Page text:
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OK. So the Dow Jones index has plunged nearly 500 points as I sit down to write this. The U.S. economy is clearly in a recession now as stock values have dropped close to 20% since last fall - the big red flag in every economist‘s handbook that indicates a recession‘s presence. In fact, stock markets all over the world are getting slammed this week - London‘s fell nearly 5.5%, Germany‘s dropped 7.16%, Japan‘s is off 3.86%, and even China watched stock values slide over 5%. It‘s clearly bad all over.


But I am going to push all that off to the side for a moment, because, frankly, the worth of humanity isn‘t tied up in stocks, bonds, indexes and other numbers. Sure, they make life easier or harder - depending on which way the balances swing - but they don‘t determine who and what we are, especially in moments of crisis. Will we panic? Will we stand on the sidelines and watch? Or will we cinch the belts a little tighter and get ready to dig ourselves out of this mess?


Me, I vote for option three for I see it in operation much of the time. Here‘s a small example from this morning. A woman gets a flat tire out near my youngest daughter‘s preschool. I stop to help out. Before a few minutes have passed, so does a Fairfax County police officer. He puts on his emergency lights to warn traffic, then without pause begins to change her tire. He could have told me to do it, could have let her husband do it (he arrived in short order after his wife called him via cellphone). But he just jumped in and got it done - see problem, apply solution, wipe hands, have a nice day. Fairfax‘s finest at work.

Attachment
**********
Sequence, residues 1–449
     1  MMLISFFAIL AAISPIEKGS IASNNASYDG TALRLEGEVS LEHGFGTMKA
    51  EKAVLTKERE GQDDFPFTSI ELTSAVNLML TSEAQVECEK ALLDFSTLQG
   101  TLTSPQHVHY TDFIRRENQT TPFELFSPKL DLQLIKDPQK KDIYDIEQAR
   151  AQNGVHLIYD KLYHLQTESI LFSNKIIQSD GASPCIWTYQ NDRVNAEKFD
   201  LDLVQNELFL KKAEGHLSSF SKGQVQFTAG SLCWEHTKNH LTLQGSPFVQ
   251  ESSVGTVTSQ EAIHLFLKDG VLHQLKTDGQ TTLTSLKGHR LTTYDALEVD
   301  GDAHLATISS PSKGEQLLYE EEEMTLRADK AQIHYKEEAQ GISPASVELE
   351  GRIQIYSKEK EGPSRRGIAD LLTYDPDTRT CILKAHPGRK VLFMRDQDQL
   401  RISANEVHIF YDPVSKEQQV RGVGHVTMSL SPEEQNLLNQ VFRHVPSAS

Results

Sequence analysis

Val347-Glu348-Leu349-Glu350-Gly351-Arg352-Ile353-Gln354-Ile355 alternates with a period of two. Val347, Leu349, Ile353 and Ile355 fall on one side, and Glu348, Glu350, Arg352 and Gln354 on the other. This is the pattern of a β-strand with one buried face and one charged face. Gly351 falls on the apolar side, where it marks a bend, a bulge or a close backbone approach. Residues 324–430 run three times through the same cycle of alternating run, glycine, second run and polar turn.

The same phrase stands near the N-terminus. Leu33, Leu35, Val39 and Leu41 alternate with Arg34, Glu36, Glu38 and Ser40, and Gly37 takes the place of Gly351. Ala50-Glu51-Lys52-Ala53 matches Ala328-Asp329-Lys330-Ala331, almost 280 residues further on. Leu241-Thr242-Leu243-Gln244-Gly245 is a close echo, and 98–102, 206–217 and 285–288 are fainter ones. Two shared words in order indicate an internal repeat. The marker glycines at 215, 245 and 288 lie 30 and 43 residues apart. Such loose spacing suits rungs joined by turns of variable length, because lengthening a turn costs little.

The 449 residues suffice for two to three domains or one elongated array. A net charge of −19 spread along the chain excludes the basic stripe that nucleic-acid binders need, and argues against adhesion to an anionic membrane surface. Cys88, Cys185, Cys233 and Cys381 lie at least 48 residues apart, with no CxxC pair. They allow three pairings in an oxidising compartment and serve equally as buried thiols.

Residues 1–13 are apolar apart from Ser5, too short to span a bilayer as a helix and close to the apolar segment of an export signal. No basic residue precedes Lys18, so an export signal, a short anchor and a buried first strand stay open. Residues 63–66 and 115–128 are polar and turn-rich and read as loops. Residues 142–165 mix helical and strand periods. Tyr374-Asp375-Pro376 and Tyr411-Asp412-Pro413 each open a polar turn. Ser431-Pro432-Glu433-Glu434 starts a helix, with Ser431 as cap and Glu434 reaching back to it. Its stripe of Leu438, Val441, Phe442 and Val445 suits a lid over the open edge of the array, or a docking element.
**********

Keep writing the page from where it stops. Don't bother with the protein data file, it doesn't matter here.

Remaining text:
Stuff like that, even though it‘s small scale, helps keep my faith in humankind at a high level. In fact, it goes on pretty frequently all over the world - neighbor helping neighbor, stranger helping stranger - but of course that isn‘t dramatic enough for TV or print journalism these days.


There are exceptions, of course: The Washington Post wrote a nice front-page story a while back (above the fold no less!) about two twin doctors who - on their own - flew to Afghanistan in a plane they rented, choked full of supplies bought on their nickel, to provide medical services in the dusty remote villages of that mountainous war-torn country. They got robbed, they got threatened, they even had to beg for protection from local drug lords so they could help people they didn‘t even know.


So, yes, we‘ve got some very tough days ahead as the global economy is poised for backward slide that a lot of well-paid experts didn‘t think would happen. But there‘s enough resilience and willing hands out there to help us get through them.

What's Trucks at Work?

Trucks at Work: Sean Kilcarr comments on trends affecting the many different strata of the trucking industry.

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